Being the nice guy that he is, Chris passed his ailment on to Sam, in the form of pinkeye. Sigh… I could be wrong on the blame end of things, but the advice nurse at Kaiser asked me whether Sam was sick and said pinkeye is often secondary to a cold…so I blame Chris. And thus he gets to do all the pinkeye drops from here on out. I wish!! Alas, he’s only home for one dose a day, so I get to do the other three doses a day. Joy.

The only good thing I can say about Sam’s pinkeye is that this time we didn’t actually have to go into Kaiser—the advice nurse called in a prescription for antibiotic drops for us. Poor Sam, though—that kid seems to be perpetually in need of antibiotics for one thing or another! It’s so foreign to us, since Theo has always been so healthy. His recent UTI is the first time he’s ever had to take antibiotics. And then there’s Sam, who seems to be perpetually on them!

Speaking of Sam, you may have heard that scientists appear to have found a way to “shut down” the extra chromosome in individuals with Down syndrome. (If you haven’t heard about it, click here.) It’s the hot topic in the Down syndrome community this week (well, that and the fact that the Justice Department is doing an investigation into whether Ethan Saylor’s civil rights were violated when he died at the hands of three off-duty deputies—click here if you’re interested in that one). And I have to be honest: I’m not sure how I feel about this development. (The genetic findings, that is; I’m quite happy to hear about the Ethan Saylor probe. That case is disturbing on a number of levels.)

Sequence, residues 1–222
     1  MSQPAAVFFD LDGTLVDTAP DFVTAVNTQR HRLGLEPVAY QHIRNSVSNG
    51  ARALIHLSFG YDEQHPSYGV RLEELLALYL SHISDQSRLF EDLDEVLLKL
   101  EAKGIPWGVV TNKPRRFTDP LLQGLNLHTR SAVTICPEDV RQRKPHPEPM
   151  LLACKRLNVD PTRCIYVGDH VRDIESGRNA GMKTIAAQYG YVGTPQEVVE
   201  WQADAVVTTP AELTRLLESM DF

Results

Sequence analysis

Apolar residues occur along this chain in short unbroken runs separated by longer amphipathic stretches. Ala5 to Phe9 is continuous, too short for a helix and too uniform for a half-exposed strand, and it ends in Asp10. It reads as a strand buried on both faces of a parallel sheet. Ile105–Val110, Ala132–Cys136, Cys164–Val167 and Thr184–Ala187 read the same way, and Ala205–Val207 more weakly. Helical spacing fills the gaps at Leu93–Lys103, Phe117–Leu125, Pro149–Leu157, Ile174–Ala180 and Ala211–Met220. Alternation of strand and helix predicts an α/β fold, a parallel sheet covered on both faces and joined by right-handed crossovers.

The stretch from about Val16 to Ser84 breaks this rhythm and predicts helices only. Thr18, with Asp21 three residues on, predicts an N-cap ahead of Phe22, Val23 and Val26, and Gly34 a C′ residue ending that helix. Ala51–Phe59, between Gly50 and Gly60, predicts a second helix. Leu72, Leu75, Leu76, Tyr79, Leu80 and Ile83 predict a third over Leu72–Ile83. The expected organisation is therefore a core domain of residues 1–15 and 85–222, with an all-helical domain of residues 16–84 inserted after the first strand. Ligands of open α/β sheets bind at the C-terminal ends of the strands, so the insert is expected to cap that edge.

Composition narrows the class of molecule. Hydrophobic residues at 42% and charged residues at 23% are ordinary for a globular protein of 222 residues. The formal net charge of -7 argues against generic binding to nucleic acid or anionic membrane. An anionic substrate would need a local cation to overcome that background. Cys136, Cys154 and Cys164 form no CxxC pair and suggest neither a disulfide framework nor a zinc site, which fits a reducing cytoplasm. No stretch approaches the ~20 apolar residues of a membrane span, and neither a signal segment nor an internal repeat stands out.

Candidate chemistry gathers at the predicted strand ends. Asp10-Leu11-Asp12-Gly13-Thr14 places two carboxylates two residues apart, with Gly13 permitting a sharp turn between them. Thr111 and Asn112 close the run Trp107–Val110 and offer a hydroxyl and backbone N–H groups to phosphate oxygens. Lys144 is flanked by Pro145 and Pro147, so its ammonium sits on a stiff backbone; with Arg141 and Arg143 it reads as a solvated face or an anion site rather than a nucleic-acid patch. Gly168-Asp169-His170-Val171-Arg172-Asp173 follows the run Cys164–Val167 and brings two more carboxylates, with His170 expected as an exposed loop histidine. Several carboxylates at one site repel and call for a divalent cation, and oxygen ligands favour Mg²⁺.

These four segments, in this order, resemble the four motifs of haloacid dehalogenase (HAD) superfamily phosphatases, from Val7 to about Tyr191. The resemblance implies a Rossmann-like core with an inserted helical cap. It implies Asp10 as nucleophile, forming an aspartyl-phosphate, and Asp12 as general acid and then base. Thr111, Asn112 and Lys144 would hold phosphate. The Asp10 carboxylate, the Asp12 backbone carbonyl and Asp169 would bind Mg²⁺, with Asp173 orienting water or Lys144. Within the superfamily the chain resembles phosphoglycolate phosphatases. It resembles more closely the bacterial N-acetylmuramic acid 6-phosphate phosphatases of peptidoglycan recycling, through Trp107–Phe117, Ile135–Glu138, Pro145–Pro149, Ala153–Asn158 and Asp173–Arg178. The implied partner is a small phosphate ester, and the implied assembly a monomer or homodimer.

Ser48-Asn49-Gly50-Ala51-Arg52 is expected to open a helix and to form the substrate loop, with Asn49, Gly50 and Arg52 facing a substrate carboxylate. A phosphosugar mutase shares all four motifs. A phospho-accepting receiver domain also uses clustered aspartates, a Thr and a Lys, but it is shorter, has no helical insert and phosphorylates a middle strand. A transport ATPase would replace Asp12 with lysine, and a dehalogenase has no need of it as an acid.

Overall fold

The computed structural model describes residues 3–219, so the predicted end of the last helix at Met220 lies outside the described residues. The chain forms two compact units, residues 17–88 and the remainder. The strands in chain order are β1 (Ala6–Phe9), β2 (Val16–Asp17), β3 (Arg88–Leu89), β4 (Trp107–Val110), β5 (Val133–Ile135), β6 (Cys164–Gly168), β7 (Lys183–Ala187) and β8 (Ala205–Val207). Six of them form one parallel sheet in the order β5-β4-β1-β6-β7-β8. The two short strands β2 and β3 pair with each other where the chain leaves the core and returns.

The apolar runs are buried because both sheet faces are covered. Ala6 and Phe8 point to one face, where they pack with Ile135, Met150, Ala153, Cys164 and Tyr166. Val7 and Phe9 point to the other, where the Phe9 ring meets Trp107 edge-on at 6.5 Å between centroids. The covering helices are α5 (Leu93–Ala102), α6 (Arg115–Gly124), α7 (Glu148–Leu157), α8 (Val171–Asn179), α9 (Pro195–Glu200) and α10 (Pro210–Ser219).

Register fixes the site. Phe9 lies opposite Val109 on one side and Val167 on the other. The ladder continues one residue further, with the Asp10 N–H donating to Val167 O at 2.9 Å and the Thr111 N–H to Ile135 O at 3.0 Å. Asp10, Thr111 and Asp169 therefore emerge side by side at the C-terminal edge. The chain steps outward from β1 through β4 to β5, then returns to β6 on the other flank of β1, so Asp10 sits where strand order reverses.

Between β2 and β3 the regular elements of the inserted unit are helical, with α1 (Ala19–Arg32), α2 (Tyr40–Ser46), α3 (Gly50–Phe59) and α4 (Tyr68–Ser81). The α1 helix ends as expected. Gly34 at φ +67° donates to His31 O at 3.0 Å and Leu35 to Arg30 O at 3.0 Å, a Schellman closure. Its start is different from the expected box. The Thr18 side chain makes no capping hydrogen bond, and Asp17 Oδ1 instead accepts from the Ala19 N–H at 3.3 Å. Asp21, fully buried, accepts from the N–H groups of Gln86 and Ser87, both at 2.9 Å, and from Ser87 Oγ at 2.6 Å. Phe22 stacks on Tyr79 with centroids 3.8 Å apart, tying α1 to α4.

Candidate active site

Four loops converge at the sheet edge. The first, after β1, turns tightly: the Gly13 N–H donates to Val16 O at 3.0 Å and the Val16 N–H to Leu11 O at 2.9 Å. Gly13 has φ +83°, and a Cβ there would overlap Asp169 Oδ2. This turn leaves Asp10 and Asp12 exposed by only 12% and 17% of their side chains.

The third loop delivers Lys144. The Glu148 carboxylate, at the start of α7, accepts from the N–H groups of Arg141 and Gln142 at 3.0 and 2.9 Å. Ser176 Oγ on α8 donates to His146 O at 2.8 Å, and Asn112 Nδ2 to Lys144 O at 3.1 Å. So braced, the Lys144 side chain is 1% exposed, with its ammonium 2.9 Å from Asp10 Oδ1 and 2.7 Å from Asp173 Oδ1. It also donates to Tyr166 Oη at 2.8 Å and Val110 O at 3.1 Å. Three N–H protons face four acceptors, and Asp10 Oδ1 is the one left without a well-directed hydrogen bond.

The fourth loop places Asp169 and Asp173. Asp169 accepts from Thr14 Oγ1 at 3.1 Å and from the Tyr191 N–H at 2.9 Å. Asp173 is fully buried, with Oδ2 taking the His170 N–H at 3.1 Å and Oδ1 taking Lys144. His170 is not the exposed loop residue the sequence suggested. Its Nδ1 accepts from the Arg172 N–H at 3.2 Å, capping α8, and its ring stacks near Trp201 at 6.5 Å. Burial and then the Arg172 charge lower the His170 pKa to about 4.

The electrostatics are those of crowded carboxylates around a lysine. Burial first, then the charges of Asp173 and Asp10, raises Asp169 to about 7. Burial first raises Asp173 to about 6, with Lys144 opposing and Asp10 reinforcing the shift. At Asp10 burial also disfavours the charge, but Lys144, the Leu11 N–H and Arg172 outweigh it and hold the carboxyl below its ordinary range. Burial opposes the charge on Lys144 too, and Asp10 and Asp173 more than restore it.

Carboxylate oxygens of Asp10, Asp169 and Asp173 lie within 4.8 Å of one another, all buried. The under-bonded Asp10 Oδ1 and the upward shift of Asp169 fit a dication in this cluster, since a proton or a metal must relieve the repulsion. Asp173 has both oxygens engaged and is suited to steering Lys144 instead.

Why? This sounds like great news, right? I’m just not sure. I’ve been pondering it for days, and I’m honestly not sure I can put into words why I’m not jumping for joy about this development in the treatment of people with Down syndrome. In some ways, I think it’s great—there are certain troublesome medical issues that come with Down syndrome, and if shutting down that extra chromosome solves those issues, then excellent! But in other ways, it troubles me. Sam’s extra chromosome is present in every single cell in his body. Every last one! Even the tiniest skin cell carries a third copy of the 21st chromosome. There’s not one cell in his body that isn’t affected. So to shut down a part of every single cell in his body…well, that frightens me a bit. Would Sam still be Sam if every single cell in his body were changed? I’m not sure.